Please ensure Javascript is enabled for purposes of website accessibility

Md. gubernatorial candidates hold 2nd debate

ARLINGTON, Va. — Lt. Gov. Anthony Brown and Larry Hogan pressed their attacks on each other’s competence and credibility Monday in the second televised debate of the governor’s race in Maryland.

In a race characterized by negative campaigning, both candidates bombarded each other with criticism in the hour-long debate at News Channel 8, co-hosted by The Washington Post and WTOP Radio. Brown highlighted major errors in a government savings plan outlined by his opponent. Hogan pointed to the flawed rollout of the state’s health care overhaul that Brown played a leading role in implementing.

Brown, a Democrat, said he shared responsibility for the problems for the health exchange website that crashed almost as soon as it opened last year. Still, he emphasized that many previously uninsured Maryland residents now have insurance. He also said other states and the federal government also had problems.

“The cost of inaction would have been greater,” Brown said.

Hogan, however, pummeled the lieutenant governor for the overall mishandling of the website, saying it was one of the only major leadership roles he has taken on in eight years — and he blew it.

“It’s been a complete disaster,” Hogan, a Republican, said, noting that tens of millions of dollars that will be spent to revamp Maryland’s system.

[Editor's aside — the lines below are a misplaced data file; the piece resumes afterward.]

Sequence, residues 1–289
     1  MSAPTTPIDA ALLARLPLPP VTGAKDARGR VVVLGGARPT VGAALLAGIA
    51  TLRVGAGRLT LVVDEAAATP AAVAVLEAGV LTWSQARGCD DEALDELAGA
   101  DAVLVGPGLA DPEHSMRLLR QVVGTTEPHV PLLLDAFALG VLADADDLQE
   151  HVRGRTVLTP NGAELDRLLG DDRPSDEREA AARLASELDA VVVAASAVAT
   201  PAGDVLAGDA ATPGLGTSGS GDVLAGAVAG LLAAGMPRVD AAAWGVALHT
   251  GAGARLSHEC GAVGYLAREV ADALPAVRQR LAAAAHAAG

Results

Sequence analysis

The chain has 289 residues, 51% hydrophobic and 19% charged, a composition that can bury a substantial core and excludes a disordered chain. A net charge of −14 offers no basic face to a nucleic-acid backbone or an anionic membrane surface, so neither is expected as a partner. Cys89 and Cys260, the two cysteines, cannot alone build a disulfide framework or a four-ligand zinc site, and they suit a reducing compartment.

Brown went after Hogan when moderators asked about a $1.75 billion savings plan he proposed. Brown’s campaign has stressed the plan has gaping holes, including a $100 million error from a misplaced decimal point.

“Your first and only specific plan you laid out in the campaign, and the numbers just don’t add up,” Brown said, adding he believed his own proposal would save $1.5 billion.

Hogan questioned why Brown didn’t find that savings in the past eight years, instead of supporting a wide variety of tax increases in recent years during Gov. Martin O’Malley’s administration.

Hogan said: “If you knew that there was $1.5 billion in waste, which is what we’ve been saying, why didn’t you do something about it for eight years?”

The two candidates also battled over how to protect the environment.

Hogan criticized Brown for supporting a stormwater management fee that critics have dubbed “the rain tax.” The law directed 10 of the state’s largest jurisdictions to create a fee to pay for Chesapeake Bay watershed cleanup.

“We’re the only state in the nation that taxes the rain and we are forcing counties to charge taxes and fees on to people for the rainwater that falls on the roof of their house and their driveway, and it’s ludicrous,” Hogan said.

Brown, who cast himself as the candidate willing to make tough decisions to protect the environment, said the state isn’t taxing the rain. Rather, Brown said, the state is simply funding a program mandated by the Environmental Protection Agency to reduce stormwater runoff that carries pollutants into the bay.

“It’s good for safe drinking water and tens of thousands of jobs that count on a clean bay,” Brown said.

The two also continued a long-running debate over other tax increases.

Brown repeated that he would not raise taxes, if he is elected governor.

“Marylanders have done their part,” Brown said.

Brown also said he would push for tax credits aimed at the middle class, and he criticized a Hogan proposal to cut the corporate income tax from 8.25 percent to 6 percent.

Hogan said tax increases in recent years have hurt the middle class.

“They’ve never met a tax they didn’t like or one they didn’t hike,” Hogan said.

A third debate is scheduled for Saturday on WBAL-TV.